Five migrants are dead and more than 50 are missing after smugglers forced them from a boat off the coast of Yemen in the second such drowning in two days, the U.N. migration agency said Thursday. The International Organization for Migration's statement came less than a day after it said up to 50 migrants from Ethiopia and Somalia were "deliberately drowned" by a smuggler in a separate boat off Yemen.
Up to 180 migrants were forced from the boat Thursday morning, the IOM said.
"We have the five bodies for sure ... but we believe that there are certainly more than 50 who are still in the sea," Laurent de Boeck, the IOM's chief of mission in Yemen, told The Associated Press.
The narrow waters between the Horn of Africa and Yemen have been a popular migration route despite Yemen's conflict. Migrants, most of them Ethiopians, try to make their way to oil-rich Gulf countries.
"They are not aware at all that there is a war. Sometimes they don't even believe us when we explain it to them," de Boeck said. Just by making land they feel "they are halfway to wealthy."
In the first drownings on Wednesday, a smuggler forced more than 120 migrants into the sea as they approached Yemen's coast, the IOM said. Its staffers found the shallow graves of 29 migrants on a beach in Shabwa during a routine patrol. At least 22 migrants remained missing.
The passengers' average age was around 16, the IOM said.
"The survivors told our colleagues on the beach that the smuggler pushed them to the sea when he saw some 'authority types' near the coast," de Boeck said Wednesday. "They also told us that the smuggler has already returned to Somalia to continue his business and pick up more migrants to bring to Yemen on the same route."
De Boeck called the suffering of migrants on the route enormous, especially during the current windy season on the Indian Ocean. "Too many young people pay smugglers with the false hope of a better future," he said.
The IOM says about 55,000 migrants have left Horn of Africa nations for Yemen since January, with most from Somalia and Ethiopia as they flee drought and unrest at home. Many leave from points in Djibouti, with some departing from Somalia. A third of them are estimated to be women.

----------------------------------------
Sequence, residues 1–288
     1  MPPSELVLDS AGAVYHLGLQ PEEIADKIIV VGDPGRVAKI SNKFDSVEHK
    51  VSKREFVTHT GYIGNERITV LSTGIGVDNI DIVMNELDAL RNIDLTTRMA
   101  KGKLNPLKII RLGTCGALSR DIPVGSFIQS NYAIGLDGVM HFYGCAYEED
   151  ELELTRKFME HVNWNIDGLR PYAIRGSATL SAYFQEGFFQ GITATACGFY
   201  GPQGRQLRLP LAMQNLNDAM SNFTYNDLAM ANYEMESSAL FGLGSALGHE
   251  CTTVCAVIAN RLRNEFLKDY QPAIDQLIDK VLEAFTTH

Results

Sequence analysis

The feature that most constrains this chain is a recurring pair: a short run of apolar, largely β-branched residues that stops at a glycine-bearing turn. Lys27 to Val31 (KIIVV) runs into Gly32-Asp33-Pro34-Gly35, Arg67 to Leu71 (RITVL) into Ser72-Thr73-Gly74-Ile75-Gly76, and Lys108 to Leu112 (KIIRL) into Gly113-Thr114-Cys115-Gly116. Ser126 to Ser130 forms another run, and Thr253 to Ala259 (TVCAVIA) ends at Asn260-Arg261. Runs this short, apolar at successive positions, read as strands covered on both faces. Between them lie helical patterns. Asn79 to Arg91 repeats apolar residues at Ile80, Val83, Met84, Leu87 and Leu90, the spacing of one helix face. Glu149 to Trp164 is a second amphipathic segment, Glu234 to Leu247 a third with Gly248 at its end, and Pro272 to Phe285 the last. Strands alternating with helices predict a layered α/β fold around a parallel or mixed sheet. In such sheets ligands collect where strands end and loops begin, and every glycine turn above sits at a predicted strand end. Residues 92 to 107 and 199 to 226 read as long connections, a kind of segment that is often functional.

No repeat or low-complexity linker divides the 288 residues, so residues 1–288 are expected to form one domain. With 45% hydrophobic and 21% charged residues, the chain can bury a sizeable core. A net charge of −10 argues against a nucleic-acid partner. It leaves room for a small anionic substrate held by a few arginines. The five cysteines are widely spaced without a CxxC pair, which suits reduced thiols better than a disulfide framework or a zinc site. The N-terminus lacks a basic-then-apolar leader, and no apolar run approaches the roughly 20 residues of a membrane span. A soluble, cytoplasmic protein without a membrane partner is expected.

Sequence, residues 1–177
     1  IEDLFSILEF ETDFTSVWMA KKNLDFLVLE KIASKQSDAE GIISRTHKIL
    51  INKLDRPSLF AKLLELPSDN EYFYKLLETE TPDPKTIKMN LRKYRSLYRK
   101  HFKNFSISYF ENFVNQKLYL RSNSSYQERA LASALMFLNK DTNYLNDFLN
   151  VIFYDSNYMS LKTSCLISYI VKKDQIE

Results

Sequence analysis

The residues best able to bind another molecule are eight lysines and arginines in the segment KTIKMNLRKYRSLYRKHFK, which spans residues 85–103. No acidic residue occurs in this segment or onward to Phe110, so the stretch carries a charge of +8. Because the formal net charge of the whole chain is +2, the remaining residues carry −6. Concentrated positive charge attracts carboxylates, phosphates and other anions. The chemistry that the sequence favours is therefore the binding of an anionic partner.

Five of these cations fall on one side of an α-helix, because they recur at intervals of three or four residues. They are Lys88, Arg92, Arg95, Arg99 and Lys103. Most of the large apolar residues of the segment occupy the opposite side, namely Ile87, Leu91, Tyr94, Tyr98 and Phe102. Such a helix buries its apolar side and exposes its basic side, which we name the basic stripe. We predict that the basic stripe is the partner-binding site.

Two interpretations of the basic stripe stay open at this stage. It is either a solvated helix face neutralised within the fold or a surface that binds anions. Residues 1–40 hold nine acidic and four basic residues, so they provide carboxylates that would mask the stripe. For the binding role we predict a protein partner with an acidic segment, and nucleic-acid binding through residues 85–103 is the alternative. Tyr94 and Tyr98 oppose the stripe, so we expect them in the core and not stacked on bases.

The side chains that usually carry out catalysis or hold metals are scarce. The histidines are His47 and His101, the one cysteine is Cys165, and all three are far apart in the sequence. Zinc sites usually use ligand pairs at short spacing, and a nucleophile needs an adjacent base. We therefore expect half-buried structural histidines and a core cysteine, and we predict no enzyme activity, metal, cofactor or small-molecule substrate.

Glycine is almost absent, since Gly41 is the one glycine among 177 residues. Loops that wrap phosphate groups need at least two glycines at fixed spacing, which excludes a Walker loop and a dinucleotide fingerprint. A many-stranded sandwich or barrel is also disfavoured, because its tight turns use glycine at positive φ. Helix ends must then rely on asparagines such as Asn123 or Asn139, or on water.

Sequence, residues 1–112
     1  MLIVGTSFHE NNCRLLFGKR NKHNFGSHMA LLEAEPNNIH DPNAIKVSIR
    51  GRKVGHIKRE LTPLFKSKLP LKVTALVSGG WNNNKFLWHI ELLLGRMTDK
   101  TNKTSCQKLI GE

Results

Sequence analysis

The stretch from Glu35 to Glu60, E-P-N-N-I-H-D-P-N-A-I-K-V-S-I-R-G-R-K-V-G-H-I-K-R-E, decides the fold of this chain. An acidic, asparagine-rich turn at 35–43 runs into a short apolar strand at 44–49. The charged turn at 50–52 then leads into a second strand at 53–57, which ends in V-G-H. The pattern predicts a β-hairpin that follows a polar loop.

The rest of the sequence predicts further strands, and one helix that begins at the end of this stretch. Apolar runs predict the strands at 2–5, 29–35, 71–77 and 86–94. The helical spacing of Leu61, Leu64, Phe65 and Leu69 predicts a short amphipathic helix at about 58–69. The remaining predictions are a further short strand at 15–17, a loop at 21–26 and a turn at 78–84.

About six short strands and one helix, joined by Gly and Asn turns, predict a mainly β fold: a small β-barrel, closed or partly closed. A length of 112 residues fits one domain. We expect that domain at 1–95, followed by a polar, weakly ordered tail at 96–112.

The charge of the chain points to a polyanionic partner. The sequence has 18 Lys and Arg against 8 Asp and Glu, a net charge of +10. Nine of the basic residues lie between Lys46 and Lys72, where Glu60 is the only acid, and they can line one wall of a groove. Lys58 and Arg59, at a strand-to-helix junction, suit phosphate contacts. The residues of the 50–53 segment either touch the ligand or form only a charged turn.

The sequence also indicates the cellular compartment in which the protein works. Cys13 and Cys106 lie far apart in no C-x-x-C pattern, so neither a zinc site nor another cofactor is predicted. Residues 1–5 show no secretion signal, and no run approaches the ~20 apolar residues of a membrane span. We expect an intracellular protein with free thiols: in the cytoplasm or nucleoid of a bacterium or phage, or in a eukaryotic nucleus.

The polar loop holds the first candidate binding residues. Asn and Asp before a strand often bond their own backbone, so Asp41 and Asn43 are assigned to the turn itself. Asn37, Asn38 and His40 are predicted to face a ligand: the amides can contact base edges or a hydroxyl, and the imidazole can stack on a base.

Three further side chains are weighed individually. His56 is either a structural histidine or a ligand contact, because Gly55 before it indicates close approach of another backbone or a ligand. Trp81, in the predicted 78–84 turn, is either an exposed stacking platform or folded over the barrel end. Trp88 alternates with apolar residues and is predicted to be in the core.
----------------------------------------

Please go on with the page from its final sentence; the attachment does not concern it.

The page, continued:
"Some are coming for the third time. They didn't succeed, they went back home, but the parents didn't agree with the fact that they didn't succeed so they send them back. And they have no choice," de Boeck told the AP. "They are between 12 and 25 years old."
Migrants travelling from Djibouti pay about $150, while migrants travelling from northern Somalia pay between $200 and $250 because the route to Yemen is longer.
De Boeck expressed regret that the European Union is more focused on the migration routes on the Mediterranean, which also have proven to be deadly as smugglers set flimsy boats packed with migrants adrift toward Europe.
"They have forgotten us a little bit," de Boeck said.
In Ethiopia, people expressed their outrage on social media over the drownings.
"This is an unprecedented level of cruelty," wrote one Facebook user, Behailu Talegeta.
Despite the fighting in Yemen, African migrants continue to arrive in the country where there is no central authority to prevent them from traveling onward. The migrants are vulnerable to abuse by armed trafficking rings, many of them believed to be connected to the armed groups involved in the war.
Yemen's conflict itself is a deadly risk. In March, Somalia's government blamed the Saudi-led coalition fighting in Yemen for an attack on a boat that killed at least 42 Somali refugees off Yemen's coast.
More than 111,500 migrants landed on Yemen's shores last year, up from around 100,000 the year before, according to the Regional Mixed Migration Secretariat, a grouping of international agencies that monitors migration in the area.